One of those detained was refusenik Yonatan Shapira, a former Israel Air Force pilot, who was released after eight hours of questioning.
"We won't be stopped, not by police officers, not by settlers and not by politicians. This is our future. If we fail to act, we won't survive," he told Ynet upon leaving the Hebron police station.
The police detained the Combatants for Peace activists after they took part in a demonstration calling for the removal of dirt roadblocks around the village of Samoa in South Mount Hebron.
Some of them tried to physically remove the obstruction, while others were detained for questioning on their way to the area.
The police reported that four men and a woman were detained for questioning for fear that they would damage dirt roadblocks erected by the Israel Defense Forces. It was also reported that the woman detained had complained of injuring her hand while clashing with one of the policemen, and was evacuated to hospital for medical treatment.
Police clash with protestor (Photo: ActiveStills)
Moshe Pesach, the Israeli coordinator of Combatants for Peace, told Ynet about the incident.
"We arrived at one of the roadblocks near the village of Samoa. We were about 30 Israeli activists and 100 Palestinians and we began removing an obstruction without using violence. We evacuated the road for some time before large army forces, and mainly Yasam (Israel Police special patrol unit) and Border Guard officers, who asked us to leave the area.
"Before we managed to leave, the police came in and acted violently. Policemen shoved us and threatened to beat us up and arrest us. They eventually detained three Israeli activists for questioning, claiming that we obstructed the work of an officer in the line of duty."
Two additional organization activists were detained for questioning on their way to the area. According to Pesach, "The fact that Israelis who are not religious are banned from entering areas in the territories shows that acts of protest are being prevented. This is not the policy that should be adopted in a state which calls itself a democratic state."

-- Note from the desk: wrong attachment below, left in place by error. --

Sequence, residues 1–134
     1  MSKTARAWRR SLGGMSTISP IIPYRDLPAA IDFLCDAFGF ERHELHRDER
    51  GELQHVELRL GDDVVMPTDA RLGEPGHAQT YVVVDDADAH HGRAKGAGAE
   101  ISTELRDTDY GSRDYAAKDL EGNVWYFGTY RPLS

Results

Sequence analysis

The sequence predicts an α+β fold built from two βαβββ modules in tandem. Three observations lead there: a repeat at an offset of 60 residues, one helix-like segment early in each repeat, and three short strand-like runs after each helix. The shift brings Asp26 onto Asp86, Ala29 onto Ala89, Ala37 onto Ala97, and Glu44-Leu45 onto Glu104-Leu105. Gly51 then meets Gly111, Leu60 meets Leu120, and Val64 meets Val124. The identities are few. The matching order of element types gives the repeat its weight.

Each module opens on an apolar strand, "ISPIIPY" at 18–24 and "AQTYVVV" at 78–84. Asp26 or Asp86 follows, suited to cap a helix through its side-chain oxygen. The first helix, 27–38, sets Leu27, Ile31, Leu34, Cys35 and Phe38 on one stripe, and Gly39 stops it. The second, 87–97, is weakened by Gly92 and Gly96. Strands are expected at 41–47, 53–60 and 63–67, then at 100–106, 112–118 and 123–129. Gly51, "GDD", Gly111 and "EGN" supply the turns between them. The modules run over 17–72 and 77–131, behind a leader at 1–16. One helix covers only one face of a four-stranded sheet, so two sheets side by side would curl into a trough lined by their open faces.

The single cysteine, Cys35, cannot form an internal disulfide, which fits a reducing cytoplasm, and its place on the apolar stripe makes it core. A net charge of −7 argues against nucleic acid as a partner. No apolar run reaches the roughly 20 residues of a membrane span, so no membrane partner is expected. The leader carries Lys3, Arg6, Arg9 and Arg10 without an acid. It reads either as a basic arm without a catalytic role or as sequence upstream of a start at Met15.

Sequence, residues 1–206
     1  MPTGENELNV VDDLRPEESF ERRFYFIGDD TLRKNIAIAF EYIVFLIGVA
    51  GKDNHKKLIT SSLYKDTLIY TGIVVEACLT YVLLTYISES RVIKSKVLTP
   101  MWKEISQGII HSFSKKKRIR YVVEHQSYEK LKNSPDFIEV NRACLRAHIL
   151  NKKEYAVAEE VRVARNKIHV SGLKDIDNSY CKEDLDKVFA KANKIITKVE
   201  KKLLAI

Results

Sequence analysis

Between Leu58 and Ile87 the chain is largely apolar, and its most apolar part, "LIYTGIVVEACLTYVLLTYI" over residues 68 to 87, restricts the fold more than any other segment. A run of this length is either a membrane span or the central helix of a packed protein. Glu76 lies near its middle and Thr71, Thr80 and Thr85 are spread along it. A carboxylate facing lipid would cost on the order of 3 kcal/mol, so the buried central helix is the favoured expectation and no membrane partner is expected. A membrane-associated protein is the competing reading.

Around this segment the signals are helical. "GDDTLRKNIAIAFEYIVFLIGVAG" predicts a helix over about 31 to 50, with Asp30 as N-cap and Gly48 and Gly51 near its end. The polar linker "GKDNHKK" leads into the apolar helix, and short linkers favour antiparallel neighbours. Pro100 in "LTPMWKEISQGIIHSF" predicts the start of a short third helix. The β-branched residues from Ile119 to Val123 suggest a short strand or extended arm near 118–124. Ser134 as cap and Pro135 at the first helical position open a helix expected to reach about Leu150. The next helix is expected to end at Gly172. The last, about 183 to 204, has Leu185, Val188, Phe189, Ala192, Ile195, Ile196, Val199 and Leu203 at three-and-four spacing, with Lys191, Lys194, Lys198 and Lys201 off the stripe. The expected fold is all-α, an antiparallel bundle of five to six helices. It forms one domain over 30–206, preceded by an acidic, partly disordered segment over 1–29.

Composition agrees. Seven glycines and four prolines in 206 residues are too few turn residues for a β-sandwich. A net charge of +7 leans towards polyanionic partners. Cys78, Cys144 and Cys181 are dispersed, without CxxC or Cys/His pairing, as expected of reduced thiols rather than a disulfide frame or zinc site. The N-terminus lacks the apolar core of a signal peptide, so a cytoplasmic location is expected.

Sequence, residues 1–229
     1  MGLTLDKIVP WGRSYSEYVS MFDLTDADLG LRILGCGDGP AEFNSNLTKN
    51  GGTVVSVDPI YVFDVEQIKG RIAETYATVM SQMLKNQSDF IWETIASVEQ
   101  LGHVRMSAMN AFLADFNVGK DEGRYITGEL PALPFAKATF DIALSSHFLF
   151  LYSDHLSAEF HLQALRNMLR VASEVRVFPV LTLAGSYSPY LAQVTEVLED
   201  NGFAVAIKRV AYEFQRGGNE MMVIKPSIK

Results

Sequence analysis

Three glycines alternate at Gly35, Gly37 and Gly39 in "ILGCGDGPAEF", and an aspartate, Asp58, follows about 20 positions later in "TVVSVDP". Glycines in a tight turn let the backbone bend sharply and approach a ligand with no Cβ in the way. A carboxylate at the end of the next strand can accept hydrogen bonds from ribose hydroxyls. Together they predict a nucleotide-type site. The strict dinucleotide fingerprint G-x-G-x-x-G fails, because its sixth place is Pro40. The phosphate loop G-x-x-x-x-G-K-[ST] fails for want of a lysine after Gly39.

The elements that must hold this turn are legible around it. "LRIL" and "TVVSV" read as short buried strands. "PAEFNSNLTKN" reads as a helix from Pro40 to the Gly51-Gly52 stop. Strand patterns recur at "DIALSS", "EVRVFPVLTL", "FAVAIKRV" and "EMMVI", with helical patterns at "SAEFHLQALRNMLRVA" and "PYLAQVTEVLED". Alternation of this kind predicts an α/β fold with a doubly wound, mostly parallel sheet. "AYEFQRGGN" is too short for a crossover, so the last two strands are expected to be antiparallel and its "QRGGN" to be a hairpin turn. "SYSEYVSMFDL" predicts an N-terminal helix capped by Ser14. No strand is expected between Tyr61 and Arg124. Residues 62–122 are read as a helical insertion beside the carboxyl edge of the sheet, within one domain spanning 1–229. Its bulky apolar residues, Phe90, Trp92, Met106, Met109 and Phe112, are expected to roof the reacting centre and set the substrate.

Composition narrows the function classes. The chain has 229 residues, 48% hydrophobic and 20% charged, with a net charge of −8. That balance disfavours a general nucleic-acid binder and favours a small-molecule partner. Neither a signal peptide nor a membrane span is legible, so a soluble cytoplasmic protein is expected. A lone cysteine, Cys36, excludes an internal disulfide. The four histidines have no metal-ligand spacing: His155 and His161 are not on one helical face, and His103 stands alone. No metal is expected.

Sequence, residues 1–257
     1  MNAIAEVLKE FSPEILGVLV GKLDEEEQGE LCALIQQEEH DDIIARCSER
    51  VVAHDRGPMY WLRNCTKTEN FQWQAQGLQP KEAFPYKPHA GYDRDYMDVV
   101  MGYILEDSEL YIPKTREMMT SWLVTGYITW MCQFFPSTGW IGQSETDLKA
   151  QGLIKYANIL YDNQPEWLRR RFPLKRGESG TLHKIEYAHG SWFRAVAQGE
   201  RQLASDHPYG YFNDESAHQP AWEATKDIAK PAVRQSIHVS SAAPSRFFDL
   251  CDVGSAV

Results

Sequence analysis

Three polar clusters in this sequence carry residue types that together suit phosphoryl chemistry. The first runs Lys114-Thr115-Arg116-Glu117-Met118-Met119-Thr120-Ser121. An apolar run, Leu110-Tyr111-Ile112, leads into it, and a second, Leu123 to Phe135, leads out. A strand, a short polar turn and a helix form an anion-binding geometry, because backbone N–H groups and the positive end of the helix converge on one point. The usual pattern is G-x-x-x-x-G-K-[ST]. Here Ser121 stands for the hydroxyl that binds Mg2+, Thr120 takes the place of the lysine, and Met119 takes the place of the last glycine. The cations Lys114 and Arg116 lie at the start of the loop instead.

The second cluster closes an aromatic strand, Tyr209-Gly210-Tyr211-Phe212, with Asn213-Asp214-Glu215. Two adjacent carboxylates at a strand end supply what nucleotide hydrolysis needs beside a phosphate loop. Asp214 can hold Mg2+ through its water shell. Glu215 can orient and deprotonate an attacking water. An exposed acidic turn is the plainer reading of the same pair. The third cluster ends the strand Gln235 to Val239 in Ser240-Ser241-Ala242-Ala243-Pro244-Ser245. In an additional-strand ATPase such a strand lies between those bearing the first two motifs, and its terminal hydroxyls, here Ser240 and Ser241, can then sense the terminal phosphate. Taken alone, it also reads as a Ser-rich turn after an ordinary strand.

'We must prevent future violence'
IDF forces have been operating in recent years to block roads in the Samoa area by placing piles of dirt and large rocks.
"As a result of these activities," said Pesach," the village residents are forced to talk many kilometers in order to receive medical treatment or sell goods. Even when they leave the village by car, they are forced to travel about an hour and a half instead of 15 minutes."
This reality has created a lot of bitterness and anger among the residents, he added. "The feelings of bitterness may lead to a violent uprising among the villages' residents. We call for a removal of the obstructions in order to prevent future violence."
Yonatan Shapira said, "This event demonstrates that we are prevented the right to carry out non-violent activities for peace. We must remember that our activity is aimed at preventing the violence created following the ongoing oppression and the illegal obstructions imprisoning the Palestinians in the territories."
Shapira added that "the places where Israelis and Palestinians work together are placed which barely produce terrorist activities."
The Combatants for Peace organization is comprised of Palestinians and Israelis who were actively involved in the cycle of violence in the region and decided to lay down their weapons and turn from fighters in war to combatants for peace.
According to Shapira, who has been a member of the organization since its foundation in 2005, "If there is one thing that gives us hope in this area it's the joint activity between Israelis and Palestinians committed to reconciliation."
Efrat Weiss contributed to this report